While having a specific goal for your product to achieve is essential, it is equally, if not more, important to determine if there is a definite need for this product in the market. Before investing in an app, make sure your product will address a specific pain point your audience segment is experiencing. Remember, your app should provide a solution to this specific problem. This “need” will define your product’s purpose. For example, if your customers have been complaining about checkout times, creating an app to reduce checkout times by a certain percentage makes sense. With 21 percent of users choosing to abandon an app just after one use, chances are if your audience doesn’t find value in your product, they’ll stop using it. If you can’t justify why you need an app to reduce checkout times for example, maybe a mobile product is not what your business needs.

How do you plan on adding value by fulfilling this purpose?

Building a product that offers the same features as your competition won’t help you win over users. So how do you provide more value? The best way to add value is to conduct competitor research. Understand what your competitors do well and identify their strengths and weaknesses alongside with your own. By focusing on areas where their product lacks, you’ll be able to identify how to differentiate your product from theirs, directly translating to added value. The research process will develop what is known as a unique value proposition (UVP) which is the core of your competitive advantage. If you don’t understand what your app’s strengths and weaknesses are, you won’t be prepared to market your product successfully.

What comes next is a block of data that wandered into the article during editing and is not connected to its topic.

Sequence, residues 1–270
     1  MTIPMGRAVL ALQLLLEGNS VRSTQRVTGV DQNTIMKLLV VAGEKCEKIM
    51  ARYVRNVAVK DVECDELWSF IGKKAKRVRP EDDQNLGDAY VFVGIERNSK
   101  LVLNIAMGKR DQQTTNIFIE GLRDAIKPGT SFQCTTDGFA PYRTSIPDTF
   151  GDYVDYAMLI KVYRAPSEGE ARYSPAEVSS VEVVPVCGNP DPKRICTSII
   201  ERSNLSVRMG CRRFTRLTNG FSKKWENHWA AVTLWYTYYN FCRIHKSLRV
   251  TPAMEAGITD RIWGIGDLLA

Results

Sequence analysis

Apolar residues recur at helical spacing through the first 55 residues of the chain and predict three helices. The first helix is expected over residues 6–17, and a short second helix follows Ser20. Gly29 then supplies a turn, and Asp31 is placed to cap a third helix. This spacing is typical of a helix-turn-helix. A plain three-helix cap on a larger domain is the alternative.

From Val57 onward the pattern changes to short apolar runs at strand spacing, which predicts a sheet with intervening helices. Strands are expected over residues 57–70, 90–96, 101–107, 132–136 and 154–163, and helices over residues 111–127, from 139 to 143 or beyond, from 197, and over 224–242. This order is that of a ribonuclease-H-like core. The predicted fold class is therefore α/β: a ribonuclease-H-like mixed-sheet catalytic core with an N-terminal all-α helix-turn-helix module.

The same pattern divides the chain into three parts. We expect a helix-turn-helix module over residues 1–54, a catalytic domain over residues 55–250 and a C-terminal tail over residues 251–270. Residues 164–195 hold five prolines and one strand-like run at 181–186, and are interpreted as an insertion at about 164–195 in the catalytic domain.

When do you expect to launch this product?

It’s time to get out of the “ASAP” mindset.  Setting an actual date, and having a timeline in which you want your project completed, will help the Design and Discovery team provide wireframes and mockups that will give a realistic idea of what is attainable within a specific time frame. Things to consider when estimating time frame include project scope requirements such as what platforms you want to develop for and how many features you need to add. Other considerations include any dependencies that may influence launch dates.

Where in the digital space do you want this product to live (i.e. iOS, Android)?

There are three main app types and two leading platforms to decide between. It is important to have an idea of where you want your product to live. Making that decision rests on numerous factors which we’ve written extensively about. When it comes to deciding which platform is right for you, considerations include monetization strategy, budget, timeline and user behavior. If your monetization strategy is based on in-app purchases iOS may be the way to go, but if reaching a broader market is more important, Android should be your choice. You can learn more about each platform here. In terms of what app type, that really depends on your business objectives and overall goals. You can read about web, native and hybrid apps here and decide which is best for your product.

Final Thoughts

These six questions are designed to guide you as you analyze your objectives and reasoning for developing a mobile product, preparing you for a successful Design and Discovery session. In turn, a successful session will provide you with the necessary tools needed to develop and launch a successful mobile product.

 

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Chris Ciligot
Chris Ciligot